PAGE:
The PillowBag is a vintage pillowcase repurposed into a purse. When you open up the “Garden of Earthly Delights” triptych by Bosch, limits only exist in what remains out of our sight. In this painting, all the delights, religiously envisioned as sins, present themselves originally with no hint of shame. The same happens in our dreams, where the unconscious juggles freely and unlimitedly.

This is the question that has inspired the creation of the PillowBag, the first piece designed by The Foyer.

The Pillowbag stands on the following pillars:

Uniqueness:

it is handmade, using original vintage pillowcases, each one with its singular design.

Originality:

it shows how narrative is capable of bending an object’s design and purpose, giving rise to a whole new item.

Functional beauty:

its grace does not only emanate from its carefully curated aesthetics, but also from the relevance placed on its usefulness and longevity.

Sustainability:

it emerges from the upcycling of a vintage pillowcase repurposed in collaboration with local manufacturers.

Karen Joaquín

Karen Joaquín

Karen Joaquín

Narrativa

The PillowBag represents the possibility to put all your dreams and your delights into a bag and bring them along with you, in the privacy of your own purse, until your desired destination.

Like Bosch’s painting, the prevailing colors are pink, green, and blue, which are discovered upon opening the bag, in the intimacy of your delights. These colors melt into the whiteness of the pillowcase bringing the bed to the streets.

The pillowcase used to create the “PillowBag 01” belonged to Maria Dolors Serra, an ancestor of Marta and Blanca whose initials are embroidered on it. Despite living in a completely different era, she most likely shared, when sleeping, the same dreams and delights as nowadays women.

The PillowBag represents the duality of humans and also of a bed: the purest and cleanest of forms as well as those most intimate, bizarre and sometimes even obscure. It also portrays reality and dreams and how they feed off each other every day and every night.

Design

Packaging: the Pillowbag’s pillowcase

It is an origami design inspired by Victorian puzzle purses. Lovers used them during the Victorian era to send each other love letters. Just as in the “Garden of Earthly Delights” triptych,

the message reveals as you unfold the piece. The packaging itself acts as the PillowBag’s certificate of authenticity and it becomes a poster when you unfold it completely. It consists of one single sheet made of recycled paper to ensure that the whole product is sustainable.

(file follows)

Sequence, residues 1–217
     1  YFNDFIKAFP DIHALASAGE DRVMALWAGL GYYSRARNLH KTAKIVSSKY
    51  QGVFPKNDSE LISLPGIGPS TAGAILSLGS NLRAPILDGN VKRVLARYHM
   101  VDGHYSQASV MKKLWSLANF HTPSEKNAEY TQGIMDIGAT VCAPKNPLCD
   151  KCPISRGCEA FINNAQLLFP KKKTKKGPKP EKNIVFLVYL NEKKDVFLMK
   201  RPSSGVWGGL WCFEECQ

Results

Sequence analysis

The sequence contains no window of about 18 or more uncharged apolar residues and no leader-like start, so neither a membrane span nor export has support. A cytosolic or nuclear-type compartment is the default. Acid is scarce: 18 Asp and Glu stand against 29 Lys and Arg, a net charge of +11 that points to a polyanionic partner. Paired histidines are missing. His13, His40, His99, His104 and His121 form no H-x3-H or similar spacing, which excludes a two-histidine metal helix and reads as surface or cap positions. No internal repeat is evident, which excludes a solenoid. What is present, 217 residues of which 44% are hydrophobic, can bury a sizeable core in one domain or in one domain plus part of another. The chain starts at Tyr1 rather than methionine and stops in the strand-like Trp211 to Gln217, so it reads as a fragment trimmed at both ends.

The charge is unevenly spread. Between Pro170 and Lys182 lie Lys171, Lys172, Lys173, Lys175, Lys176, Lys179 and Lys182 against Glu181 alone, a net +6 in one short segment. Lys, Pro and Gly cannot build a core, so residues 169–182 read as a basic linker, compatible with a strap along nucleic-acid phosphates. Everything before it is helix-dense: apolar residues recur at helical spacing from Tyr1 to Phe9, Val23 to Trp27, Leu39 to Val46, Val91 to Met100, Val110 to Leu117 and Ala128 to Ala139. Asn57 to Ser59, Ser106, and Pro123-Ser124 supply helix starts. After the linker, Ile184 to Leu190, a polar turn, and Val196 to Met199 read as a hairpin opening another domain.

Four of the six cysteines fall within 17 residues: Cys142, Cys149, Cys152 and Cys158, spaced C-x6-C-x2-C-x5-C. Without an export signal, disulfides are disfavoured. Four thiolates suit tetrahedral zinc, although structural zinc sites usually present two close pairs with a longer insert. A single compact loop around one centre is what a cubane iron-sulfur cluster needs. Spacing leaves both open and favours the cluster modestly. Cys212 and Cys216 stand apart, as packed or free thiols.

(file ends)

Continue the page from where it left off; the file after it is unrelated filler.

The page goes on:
The Foyer

The Foyer

The Foyer

Karen Joaquín

Retrospective

The Pillowcase

It all starts in the head. Or the head rest. A look back in history unveils the preciousness with which it has been accommodated for its journey to slumberland. Beyond function, the pillowcase emerges as a design object of beauty, care, and originality.

Germany 18th century

Ancient Egypt

China, Jin Dynasty (1115-1234)

Japan (undated)

Man Ray’s Sleeping Woman

Man Ray sleeping, by Lee Miller

Lee Miller sleeping, by Man Ray

The surrealists

Fast asleep, the artist creates. In the early 20th century, the act of dreaming was intellectually elevated in Western culture thanks to the rise of psychotherapy. The Surrealists echoed this sentiment in art. What happens in the asleep mind, a cacophony of images and meanings, takes center stage.

René Magritte’s The Menaced Assassin

Leonora Carrington’s On the House Opposite

Four Women Asleep (including Leonora Carrington)

René Magritte, asleep

The sleeping beauties, in nature

When sleep comes, the mind goes. The darkness and austerity of a bedroom might give way to a garden: a place of ingenuity, freedom, and relaxation. In the safety of nature the locus amoenus we let go of convention, and perhaps, indulge in fantasy.

Picnic At Hanging Rock

Spirited Away

The Wizard of Oz

Body and Soul

The Garden of Earthly Delights

Halfway between reality and fiction, like a lucid dream, this masterpiece speaks of desire, lust, imagination, entertainment, debauchery, and chaos. A portrait of humanity.

Yan Bo’s Garden Girl

Isa Genzken’s Rose II

The dreams

A dream is who we are. Art speaks of fantasies that happen somewhere between the bed, the mind, and outer/outdoor space. In their impossibility, each artwork responds to the same premise of The Garden of Earthly Delights: we contain multitudes.

Maria Berrios’s Anemochory

Yayoi Kusama’s A Dream I Dreamed

Wycliffe Mundopa’s The Garden of Earthly Delights

Frida Kahlo’s The Dream (The Bed)

Cy Twombly’s Untitled (The Mathematical Dream of Ashurbanipal)

Joan Miró’s Woman Dreaming of Escape

McCall catalog, 1946

Chloe Wise’s Bread Bag

Maryam Yousif’s Cosmic Handbag

The bag

In a bag, we carry who we are. The fashion of carrying an external, visible bag, was the subject of ridicule at the onset of the 19th century in Europe and would be defined later on by Freud as a display of female sexuality. As an appendix of the self, the bag can be a weapon, a shield, an invitation, or an accomplice. A bag’s content keeps on changing just like our minds, and our dreams.

Chuck Ramirez’s Purse Portrait Series

Yayoi Kusama’s bags for Louis Vuitton

French reticule, 19th century

Mariette Pathy Allen’s Orange Handbag

Japanese Inro, ca. 1775-1850

PillowBag conceptualized by The Foyer
PillowBag designed by The Foyer & Emma Picanyol
PillowBag handmade by Emma Picanyol
3D PillowBag created by Jatomart
Sensuous Plants illustrated by Pia Callís
Retrospective edited and curated by Andrea Servert